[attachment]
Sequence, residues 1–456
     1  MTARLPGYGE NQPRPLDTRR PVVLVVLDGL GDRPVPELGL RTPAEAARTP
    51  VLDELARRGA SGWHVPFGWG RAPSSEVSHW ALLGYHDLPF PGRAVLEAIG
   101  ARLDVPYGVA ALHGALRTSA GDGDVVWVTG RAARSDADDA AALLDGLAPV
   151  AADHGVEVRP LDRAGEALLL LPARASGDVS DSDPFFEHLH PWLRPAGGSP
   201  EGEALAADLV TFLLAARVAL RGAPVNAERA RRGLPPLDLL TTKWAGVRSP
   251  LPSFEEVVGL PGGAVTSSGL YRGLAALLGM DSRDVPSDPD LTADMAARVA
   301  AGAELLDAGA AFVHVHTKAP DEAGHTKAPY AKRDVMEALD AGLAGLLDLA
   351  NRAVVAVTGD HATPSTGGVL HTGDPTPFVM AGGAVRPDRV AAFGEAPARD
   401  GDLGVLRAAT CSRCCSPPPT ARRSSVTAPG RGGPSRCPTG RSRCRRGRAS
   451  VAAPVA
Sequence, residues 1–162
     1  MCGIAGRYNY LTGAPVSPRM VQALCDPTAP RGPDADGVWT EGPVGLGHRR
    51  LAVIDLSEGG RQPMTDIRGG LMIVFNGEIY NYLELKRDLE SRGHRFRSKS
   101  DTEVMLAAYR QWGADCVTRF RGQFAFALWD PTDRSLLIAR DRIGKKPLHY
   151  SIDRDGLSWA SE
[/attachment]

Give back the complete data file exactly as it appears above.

Sequence, residues 1–456
     1  MTARLPGYGE NQPRPLDTRR PVVLVVLDGL GDRPVPELGL RTPAEAARTP
    51  VLDELARRGA SGWHVPFGWG RAPSSEVSHW ALLGYHDLPF PGRAVLEAIG
   101  ARLDVPYGVA ALHGALRTSA GDGDVVWVTG RAARSDADDA AALLDGLAPV
   151  AADHGVEVRP LDRAGEALLL LPARASGDVS DSDPFFEHLH PWLRPAGGSP
   201  EGEALAADLV TFLLAARVAL RGAPVNAERA RRGLPPLDLL TTKWAGVRSP
   251  LPSFEEVVGL PGGAVTSSGL YRGLAALLGM DSRDVPSDPD LTADMAARVA
   301  AGAELLDAGA AFVHVHTKAP DEAGHTKAPY AKRDVMEALD AGLAGLLDLA
   351  NRAVVAVTGD HATPSTGGVL HTGDPTPFVM AGGAVRPDRV AAFGEAPARD
   401  GDLGVLRAAT CSRCCSPPPT ARRSSVTAPG RGGPSRCPTG RSRCRRGRAS
   451  VAAPVA
Sequence, residues 1–162
     1  MCGIAGRYNY LTGAPVSPRM VQALCDPTAP RGPDADGVWT EGPVGLGHRR
    51  LAVIDLSEGG RQPMTDIRGG LMIVFNGEIY NYLELKRDLE SRGHRFRSKS
   101  DTEVMLAAYR QWGADCVTRF RGQFAFALWD PTDRSLLIAR DRIGKKPLHY
   151  SIDRDGLSWA SE